Therefore, before launching any review of the EU’s e-Commerce Directive, policy-makers should ask themselves: What are the problems we want to address? Do we have a clear understanding of the nature, scale, and evolution of those problems? What can be done to efficiently tackle them? Even though the Directive’s provisions on the liability of online platforms also impact content moderation, the upcoming e-Commerce review is too important to be hijacked by the blind ambition to eradicate all objectionable speech online.

In Europe, the decision about what is illegal is part of the democratic process in the Member States. Defining “harmful online content” that is not necessarily illegal is much harder and there is no process or authority to do it. Therefore, regulatory efforts should focus on illegal content only. The unclear and slippery territory of attempting to regulate “harmful” (but legal) content puts our democracy, our rights and our freedoms at risk. When reviewing the E-Commerce Directive, the EU Commission should follow its Communication on Platforms from 2016.

Once the problems are properly defined and policy-makers agree on what kind of illegal activity should be tackled online, any regulation of online platforms and uploaded content should take a closer look at the services it attempts to regulate, as well as assess how content spreads and at what scale. Regulating the internet as if it consisted only of Google and Facebook, will inevitably lead to an internet that does consist only of Google and Facebook. Unfortunately, as we’ve seen in the debate around upload filters during the copyright reform, political thinking around speech regulation is focused on a small number of very dominant players (most notably Facebook, YouTube, and Twitter). This political focus paradoxically turned out to reinforce the dominant market position of existing monopolies. It would be very unfortunate to repeat the mistakes that were made, in the context of legislation which has as far-reaching consequences as the EU’s e-Commerce Directive.

European Commission Communication on Online Platforms and the Digital Single Market Opportunities and Challenges for Europe (25.05.2016)

Junk News during the EU Parliamentary Elections (21.05.2019)

09 Jul 2019

Join EDRi as policy intern!


European Digital Rights (EDRi) is an international not-for-profit association of 42 digital human rights organisations from across Europe. We defend and promote rights and freedoms in the digital environment, such as the right to privacy, freedom of expression, and access to information.

Join EDRi now and become a superhero for the defence of our rights and freedoms online!

The EDRi office in Brussels is currently accepting applications for an intern to support our policy team. This is your opportunity to get first-hand experience in EU policy-making and contribute to a change in favour of digital rights and freedoms across Europe. The internship will go from 15 September (or 1 October) to 31 March and is remunerated minimum 750 EUR per month (according to “convention d’immersion professionnelle”).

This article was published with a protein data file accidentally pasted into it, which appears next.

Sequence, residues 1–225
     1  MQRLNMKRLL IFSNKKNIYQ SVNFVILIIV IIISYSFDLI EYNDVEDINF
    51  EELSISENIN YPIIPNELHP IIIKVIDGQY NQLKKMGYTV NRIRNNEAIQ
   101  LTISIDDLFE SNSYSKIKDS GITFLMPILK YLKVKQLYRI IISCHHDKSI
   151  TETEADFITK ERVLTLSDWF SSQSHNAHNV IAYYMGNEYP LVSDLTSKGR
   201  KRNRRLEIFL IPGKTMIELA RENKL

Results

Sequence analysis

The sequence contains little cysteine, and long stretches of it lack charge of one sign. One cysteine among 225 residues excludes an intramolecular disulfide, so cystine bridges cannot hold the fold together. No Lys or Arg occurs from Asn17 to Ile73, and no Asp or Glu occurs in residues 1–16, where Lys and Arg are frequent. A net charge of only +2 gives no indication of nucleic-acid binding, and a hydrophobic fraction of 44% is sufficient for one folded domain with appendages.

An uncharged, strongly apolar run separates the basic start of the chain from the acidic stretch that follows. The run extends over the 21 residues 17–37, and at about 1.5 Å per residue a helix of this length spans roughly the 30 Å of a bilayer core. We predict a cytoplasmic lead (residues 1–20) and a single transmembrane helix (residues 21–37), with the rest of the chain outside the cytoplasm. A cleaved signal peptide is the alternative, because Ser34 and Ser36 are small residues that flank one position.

Key tasks:

  • Conducting research and analysis on topics such as data protection, privacy, net neutrality, intermediary liability and freedom of expression, encryption, cross-border access to data and digital trade
  • Drafting regular internal policy updates for the EDRi network
  • Monitoring international, EU and national policy developments
  • Organising and participating in meetings and events
  • Supporting the creation of the EDRi-gram newsletter
  • Assisting in the preparation of draft reports, presentations and other internal and external documents
  • Supporting EDRi’s day-to-day office management
  • Developing public education materials


  • Demonstrated interest in and enthusiasm for human rights and technology-related legal issues
  • Good understanding of European policy-making
  • Excellent research and writing skills
  • Fluent command of spoken and written English
  • Computer literacy
  • Experience in the fields of data protection, privacy, copyright, net neutrality, intermediary liability and freedom of expression, surveillance and law enforcement, or digital trade is an asset

Read about previous internship experiences at EDRi here.

How to apply:

To apply please send a maximum one-page cover letter and a maximum two-page CV in English and only as pdf files (other formats such as doc and docx will not be accepted) to jan >dot< penfrat >at< edri >dot< org.

The closing date for applications is 22 July 2019. The interviews and written assignments will take place between 26-30 August 2019. Please note that due to limited resources only shortlisted candidates will be contacted.

We are an equal opportunities employer with a strong commitment to transparency and inclusion. People from all backgrounds are encouraged to apply and we strive to have a diverse and inclusive working environment.

04 Jul 2019

Real Time Bidding: The auction for your attention

By Andreea Belu

The digitalisation of marketing has introduced novel industry practices and business models. Some of these new systems have developed into crucial threats to people’s freedoms. A particularly alarming one is Real Time Bidding (RTB).